No relevant resource is found in the selected language.

This site uses cookies. By continuing to browse the site you are agreeing to our use of cookies. Read our privacy policy>Search


To have a better experience, please upgrade your IE browser.


ME60 V800R010C10SPC500 Feature Description - WAN Access 01

This is ME60 V800R010C10SPC500 Feature Description - WAN Access
Rate and give feedback:
Huawei uses machine translation combined with human proofreading to translate this document to different languages in order to help you better understand the content of this document. Note: Even the most advanced machine translation cannot match the quality of professional translators. Huawei shall not bear any responsibility for translation accuracy and it is recommended that you refer to the English document (a link for which has been provided).


On the Internet, network connection devices control network traffic and ensure data transmission quality on networks. Common network connection devices include hubs, bridges, switches, and routers.

As a standard network connection device, a router is used to select routes and forward packets. Based on the destination address in the received packet, a router selects a path to send the packet to the next router. The last router is responsible for sending the packet to the destination host. In addition, a router can select an optimal path for data transmission.

For example, in Figure 2-1, traffic from Host A to Host C needs to pass through three networks and two routers. The hop count from a router to its directly connected network is zero. The hop count from a router to a network that the router can reach through another router is one. The rest can be deduced by analogy. If a router is connected to another router through a network, a network segment exists between the two routers, and they are considered adjacent on the Internet. In Figure 2-1, the bold arrows indicate network segments. The routers do not need to know about the physical link composition of each network segment.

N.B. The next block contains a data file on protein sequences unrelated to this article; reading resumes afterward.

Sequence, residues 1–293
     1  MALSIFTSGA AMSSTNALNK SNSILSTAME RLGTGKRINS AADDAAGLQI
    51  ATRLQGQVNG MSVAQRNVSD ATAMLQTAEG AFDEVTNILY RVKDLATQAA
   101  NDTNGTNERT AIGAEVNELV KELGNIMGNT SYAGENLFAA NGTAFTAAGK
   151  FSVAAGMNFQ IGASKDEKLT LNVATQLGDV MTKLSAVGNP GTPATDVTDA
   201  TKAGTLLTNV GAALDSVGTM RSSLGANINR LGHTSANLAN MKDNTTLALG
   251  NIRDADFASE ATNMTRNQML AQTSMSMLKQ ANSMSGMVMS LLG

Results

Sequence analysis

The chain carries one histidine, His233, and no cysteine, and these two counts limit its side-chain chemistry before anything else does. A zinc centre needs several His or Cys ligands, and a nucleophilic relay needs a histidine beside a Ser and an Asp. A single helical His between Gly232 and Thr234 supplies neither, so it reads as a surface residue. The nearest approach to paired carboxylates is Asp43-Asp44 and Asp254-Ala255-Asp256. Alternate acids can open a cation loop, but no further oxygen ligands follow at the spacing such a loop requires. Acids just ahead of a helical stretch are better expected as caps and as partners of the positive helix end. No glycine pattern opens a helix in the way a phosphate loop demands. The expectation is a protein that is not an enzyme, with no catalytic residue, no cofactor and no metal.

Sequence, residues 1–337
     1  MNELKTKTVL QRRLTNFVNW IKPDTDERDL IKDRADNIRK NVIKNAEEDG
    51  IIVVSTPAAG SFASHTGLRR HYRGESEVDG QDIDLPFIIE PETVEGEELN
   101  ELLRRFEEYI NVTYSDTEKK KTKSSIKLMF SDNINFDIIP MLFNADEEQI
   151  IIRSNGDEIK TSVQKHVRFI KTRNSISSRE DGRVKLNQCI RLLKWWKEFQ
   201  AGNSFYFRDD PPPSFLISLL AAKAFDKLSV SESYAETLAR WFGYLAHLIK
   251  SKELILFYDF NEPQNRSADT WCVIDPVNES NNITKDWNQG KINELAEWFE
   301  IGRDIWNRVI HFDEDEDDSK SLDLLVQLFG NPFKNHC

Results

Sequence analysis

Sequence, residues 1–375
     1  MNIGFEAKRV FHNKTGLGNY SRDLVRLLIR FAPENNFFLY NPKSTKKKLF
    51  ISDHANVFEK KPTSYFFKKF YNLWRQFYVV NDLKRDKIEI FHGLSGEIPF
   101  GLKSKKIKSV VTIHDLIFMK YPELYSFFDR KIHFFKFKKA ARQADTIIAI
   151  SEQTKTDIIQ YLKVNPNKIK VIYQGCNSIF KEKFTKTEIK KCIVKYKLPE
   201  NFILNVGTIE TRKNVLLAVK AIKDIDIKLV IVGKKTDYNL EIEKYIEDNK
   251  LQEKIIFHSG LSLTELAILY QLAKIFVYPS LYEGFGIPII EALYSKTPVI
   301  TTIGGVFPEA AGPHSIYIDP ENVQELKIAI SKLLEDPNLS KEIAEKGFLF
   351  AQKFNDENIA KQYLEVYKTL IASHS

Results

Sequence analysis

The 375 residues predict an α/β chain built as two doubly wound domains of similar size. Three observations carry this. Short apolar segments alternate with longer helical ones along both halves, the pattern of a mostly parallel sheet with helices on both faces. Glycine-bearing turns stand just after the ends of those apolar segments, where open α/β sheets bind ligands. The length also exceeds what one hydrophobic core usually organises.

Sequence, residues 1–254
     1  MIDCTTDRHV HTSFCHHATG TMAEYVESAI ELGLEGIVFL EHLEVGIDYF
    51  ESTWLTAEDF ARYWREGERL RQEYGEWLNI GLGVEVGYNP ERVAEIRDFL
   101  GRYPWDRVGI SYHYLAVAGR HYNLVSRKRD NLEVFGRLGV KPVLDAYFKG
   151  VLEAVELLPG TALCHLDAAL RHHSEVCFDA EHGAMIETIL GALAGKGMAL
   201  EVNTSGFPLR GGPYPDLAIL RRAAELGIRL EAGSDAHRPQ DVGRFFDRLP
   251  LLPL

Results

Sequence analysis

Figure 2-1 Network segment and hop count

Network sizes may vary greatly, and the actual lengths of network segments vary as well. Therefore, you can set a weighted coefficient for the network segments of each network and then measure the cost of a route based on the number of network segments.

A route with the minimal network segments is not necessarily optimal. For example, a route passing through three high-speed Local Area Network (LAN) network segments may be a better choice than one passing through two low-speed Wide Area Network (WAN) network segments.

Updated: 2019-01-04

Document ID: EDOC1100059473

Views: 15643

Downloads: 10

Average rating:
This Document Applies to these Products
Related Version
Related Documents
Previous Next